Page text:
Living with Parkinson’s: Dowagiac woman copes with disease

Published 8:00 am Wednesday, April 9, 2014

The biggest element that has been removed from the life of Donna Korzun since she was diagnosed with Parkinson’s Disease has been spontaneity, the ability to just go outside and do whatever she wants.

Donna Korzun

Donna Korzun

“On Saturday, I went and saw a movie at the theater,” the Dowagiac resident said. “That’s a rare occurrence for me these days.”

Trips outside her home, even to stores less than mile away, must be planned out in advance. Even then, she’s had to reconsider such engagements due to complications flaring up before departing.

“I can’t tell until I get up what kind of day I’m going to have,” she said.

Korzun, 58, is one of 1 million Americans living with the disease, which causes the death of dopamine-generating cells in the nervous system, resulting in problems to the person’s motor functions. With April being the Parkinson Disease Foundation’s awareness month, Korzun is looking to do her part to spread knowledge about the condition.

Korzun, who is married to Southwestern Michigan College’s Band Director Jonathan Korzun, has lived in Dowagiac for 18 years. She had spent the last decade and a half working as an occupational theory assistant after graduating from Lake Michigan College in 1996.

Working at various nursing homes and medical care facilities in the region, Korzun had prior experience in caring for patients with Parkinson’s and other medical conditions, teaching them how to continue caring for themselves. Her first-hand knowledge of the disease’s effects has been both a benefit and a hindrance in dealing with her condition, Korzun said.

“It changes your way of thinking,” Korzun said. “It’s called putting on your therapy glasses. You change your mindset, like you’re playing chess. On the other hand, it makes you more afraid of what may come next, since you’ve already seen it in others.”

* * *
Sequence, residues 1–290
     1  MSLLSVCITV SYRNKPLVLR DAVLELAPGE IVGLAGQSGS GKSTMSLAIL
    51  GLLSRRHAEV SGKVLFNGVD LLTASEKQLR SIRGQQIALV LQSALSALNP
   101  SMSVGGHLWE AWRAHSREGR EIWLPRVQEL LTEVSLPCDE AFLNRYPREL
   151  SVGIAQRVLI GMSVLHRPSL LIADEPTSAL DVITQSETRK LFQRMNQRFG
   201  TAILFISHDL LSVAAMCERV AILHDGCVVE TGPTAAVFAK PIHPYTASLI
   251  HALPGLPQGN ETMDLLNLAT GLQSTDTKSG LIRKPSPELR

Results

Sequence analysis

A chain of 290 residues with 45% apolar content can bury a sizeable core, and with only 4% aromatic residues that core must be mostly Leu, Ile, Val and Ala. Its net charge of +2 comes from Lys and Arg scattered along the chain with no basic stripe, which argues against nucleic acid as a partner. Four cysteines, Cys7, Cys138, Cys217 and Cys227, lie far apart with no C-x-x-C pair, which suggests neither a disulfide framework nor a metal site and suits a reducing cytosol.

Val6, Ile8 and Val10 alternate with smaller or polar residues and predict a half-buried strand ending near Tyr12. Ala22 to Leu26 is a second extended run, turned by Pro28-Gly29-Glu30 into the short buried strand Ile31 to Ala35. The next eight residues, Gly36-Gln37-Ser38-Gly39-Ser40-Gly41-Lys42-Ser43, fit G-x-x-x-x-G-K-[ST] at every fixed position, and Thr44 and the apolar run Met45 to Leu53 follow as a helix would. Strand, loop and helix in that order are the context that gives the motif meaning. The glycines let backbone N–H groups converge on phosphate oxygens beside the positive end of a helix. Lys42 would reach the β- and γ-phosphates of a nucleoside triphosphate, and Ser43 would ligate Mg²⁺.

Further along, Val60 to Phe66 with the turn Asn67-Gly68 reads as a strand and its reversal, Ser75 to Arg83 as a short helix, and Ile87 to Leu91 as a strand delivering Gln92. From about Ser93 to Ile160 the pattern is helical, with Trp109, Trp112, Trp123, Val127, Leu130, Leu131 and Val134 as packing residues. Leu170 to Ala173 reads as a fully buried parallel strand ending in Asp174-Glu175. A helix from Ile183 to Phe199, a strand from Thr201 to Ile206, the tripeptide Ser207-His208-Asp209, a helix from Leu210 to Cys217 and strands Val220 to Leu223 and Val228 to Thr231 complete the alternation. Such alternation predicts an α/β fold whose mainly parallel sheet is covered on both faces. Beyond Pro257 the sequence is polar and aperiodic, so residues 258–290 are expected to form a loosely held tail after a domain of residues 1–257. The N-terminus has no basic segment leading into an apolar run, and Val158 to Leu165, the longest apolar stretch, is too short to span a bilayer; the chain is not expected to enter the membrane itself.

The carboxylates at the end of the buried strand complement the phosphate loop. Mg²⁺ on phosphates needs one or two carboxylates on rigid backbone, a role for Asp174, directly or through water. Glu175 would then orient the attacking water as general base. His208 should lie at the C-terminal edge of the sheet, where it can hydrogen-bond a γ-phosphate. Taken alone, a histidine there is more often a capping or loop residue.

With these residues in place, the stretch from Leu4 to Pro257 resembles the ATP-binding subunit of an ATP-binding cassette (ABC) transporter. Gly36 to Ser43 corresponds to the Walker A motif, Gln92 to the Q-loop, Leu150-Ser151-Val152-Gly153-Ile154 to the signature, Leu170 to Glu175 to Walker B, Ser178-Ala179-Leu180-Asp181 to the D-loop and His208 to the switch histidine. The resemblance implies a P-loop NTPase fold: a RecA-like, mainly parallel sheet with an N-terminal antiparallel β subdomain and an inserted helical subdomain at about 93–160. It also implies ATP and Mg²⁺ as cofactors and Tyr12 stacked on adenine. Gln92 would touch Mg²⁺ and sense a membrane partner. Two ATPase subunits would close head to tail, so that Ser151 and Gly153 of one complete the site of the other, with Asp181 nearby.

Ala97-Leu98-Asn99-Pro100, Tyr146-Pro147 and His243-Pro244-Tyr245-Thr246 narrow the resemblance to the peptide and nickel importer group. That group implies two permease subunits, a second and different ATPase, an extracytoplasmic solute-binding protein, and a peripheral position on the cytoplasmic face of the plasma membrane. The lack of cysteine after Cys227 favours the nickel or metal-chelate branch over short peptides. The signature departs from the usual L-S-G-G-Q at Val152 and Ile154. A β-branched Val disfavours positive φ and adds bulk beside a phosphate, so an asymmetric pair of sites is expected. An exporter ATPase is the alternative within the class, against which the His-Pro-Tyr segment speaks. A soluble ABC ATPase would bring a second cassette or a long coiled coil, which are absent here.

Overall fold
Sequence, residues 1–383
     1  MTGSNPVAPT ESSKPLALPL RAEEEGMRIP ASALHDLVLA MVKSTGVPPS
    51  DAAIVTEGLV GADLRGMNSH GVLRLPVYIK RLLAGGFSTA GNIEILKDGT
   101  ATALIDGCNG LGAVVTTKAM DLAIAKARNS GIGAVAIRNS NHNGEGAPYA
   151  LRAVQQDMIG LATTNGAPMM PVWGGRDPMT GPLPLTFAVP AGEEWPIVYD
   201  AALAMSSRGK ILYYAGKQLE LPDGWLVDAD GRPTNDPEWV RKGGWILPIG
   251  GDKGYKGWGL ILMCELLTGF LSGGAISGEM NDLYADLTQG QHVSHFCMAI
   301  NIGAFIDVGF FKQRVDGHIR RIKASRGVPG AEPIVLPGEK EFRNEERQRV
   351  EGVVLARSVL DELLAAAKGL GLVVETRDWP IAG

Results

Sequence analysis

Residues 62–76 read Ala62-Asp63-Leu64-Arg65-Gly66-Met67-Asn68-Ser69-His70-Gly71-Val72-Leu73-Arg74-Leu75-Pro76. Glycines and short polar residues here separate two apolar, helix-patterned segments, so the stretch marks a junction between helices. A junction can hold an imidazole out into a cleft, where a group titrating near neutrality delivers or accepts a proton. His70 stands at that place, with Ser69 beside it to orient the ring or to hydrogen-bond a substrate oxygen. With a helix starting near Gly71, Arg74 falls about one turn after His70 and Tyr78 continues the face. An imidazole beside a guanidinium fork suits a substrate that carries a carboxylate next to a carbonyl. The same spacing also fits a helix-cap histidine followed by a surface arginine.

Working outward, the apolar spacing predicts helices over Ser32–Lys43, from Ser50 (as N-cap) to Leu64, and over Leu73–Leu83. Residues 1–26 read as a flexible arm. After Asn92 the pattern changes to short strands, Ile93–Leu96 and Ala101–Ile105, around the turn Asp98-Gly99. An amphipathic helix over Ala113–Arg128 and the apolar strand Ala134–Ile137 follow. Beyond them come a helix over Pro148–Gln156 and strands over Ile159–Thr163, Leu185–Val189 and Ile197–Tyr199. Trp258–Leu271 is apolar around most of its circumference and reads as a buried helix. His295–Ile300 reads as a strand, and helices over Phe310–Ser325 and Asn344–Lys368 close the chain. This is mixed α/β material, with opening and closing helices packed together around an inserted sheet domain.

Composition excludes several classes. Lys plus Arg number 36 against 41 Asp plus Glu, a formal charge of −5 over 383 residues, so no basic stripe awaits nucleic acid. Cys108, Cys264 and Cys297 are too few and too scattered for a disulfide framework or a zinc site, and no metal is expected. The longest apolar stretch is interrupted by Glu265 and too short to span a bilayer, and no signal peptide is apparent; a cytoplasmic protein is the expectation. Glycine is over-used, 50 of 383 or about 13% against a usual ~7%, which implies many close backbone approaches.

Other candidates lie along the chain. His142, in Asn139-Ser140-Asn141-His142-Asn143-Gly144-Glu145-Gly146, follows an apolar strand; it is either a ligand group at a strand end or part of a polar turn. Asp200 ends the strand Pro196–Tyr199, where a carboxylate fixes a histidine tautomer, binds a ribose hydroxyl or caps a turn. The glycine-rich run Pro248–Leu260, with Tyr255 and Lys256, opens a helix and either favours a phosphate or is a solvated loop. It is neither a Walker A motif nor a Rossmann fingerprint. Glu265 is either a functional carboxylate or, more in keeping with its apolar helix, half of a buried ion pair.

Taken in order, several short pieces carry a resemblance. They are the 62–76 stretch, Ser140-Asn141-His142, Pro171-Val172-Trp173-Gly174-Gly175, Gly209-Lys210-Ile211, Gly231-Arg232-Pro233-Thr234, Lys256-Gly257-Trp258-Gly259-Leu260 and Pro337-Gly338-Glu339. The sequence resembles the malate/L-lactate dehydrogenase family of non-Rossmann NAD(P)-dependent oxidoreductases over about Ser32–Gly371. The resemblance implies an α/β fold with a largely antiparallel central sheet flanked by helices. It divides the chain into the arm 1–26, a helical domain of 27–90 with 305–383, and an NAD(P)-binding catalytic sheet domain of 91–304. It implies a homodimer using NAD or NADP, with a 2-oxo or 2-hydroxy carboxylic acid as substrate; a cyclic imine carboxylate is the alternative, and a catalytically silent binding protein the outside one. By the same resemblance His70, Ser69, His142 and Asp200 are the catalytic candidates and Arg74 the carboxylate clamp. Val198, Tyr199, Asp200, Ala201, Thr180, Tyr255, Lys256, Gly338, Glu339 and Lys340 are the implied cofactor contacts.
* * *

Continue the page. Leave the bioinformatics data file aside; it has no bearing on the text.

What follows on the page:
Korzun began to experience symptoms of the degenerative nervous system disease around 10 years ago, she said. At first, she noticed that she could no longer walk in a straight line, veering slightly to the right. She also couldn’t close her eyes while standing up without falling over.

“I had to adjust to things to continue caring for patients,” she said.

Around two years ago, her condition began to worsen. Her right arm stopped swinging while she walked, and her pinky began moving on its own.

“When I got the tremors, that’s when things started to click in my head,” she said.

She saw a number of doctors before receiving an official diagnosis that confirmed her worst fears, that she had Parkinson’s.

In addition to giving up her career, the disease also forced Korzun to give up her up interest in music. She had spent most of her life playing the clarinet for various bands and music groups around the region, including helping to start her own group, the Southshore Concert Band.

In addition to medication, Korzun and her husband have made a few adjustments to their home to accommodate her, installing rails on their stairwell, eliminating excess furniture and moving what functions they could to the first floor. Korzun is able to care for herself for the most part, but she occasionally needs help with housework and other tasks, she said.

“Certain things are just too hard, it takes too much of my energy to get done,” she said. “You have to pick and choose your battles.”

However, a number of things have helped her manage her condition, including her Android smartphone, which has voice controls that allow her take photos or search the internet. She has also joined a number of online support groups, she said.

“What helps me is trying to make a difference in others lives,” she said.

Her advice to others who are living with the disease is to reach out to others, to learn how they are coping. While there is no known cure for the condition, with proper medical treatment and support, it’s possible to manage while remaining mostly independent, Korzun said.

“Try not to hide it,” Korzun recommended. “Don’t wallow in it, but don’t hide it either.”

She also recommended that people visit their physician at the first sign of possible symptoms, which include tremors, slowness of movement, muscle stiffness, pain, fatigue, confusion or other cognitive changes.

“Parkinson’s varies from person to person so much,” Korzun said. “You always have the image of an elderly man, hunched over and tremoring. In reality, in 30 percent of reported cases, there are no tremors.”

While only 4 percent of individuals are diagnosed before the age of 50, there are cases of people even below the age of 30 with Parkinson’s, Korzun said.

“It knows no boundaries,” Korzun said. “It doesn’t take any prisoners.”

For more information about the disease, contact the Parkinson’s Disease Foundation at (800) 457-6676 or at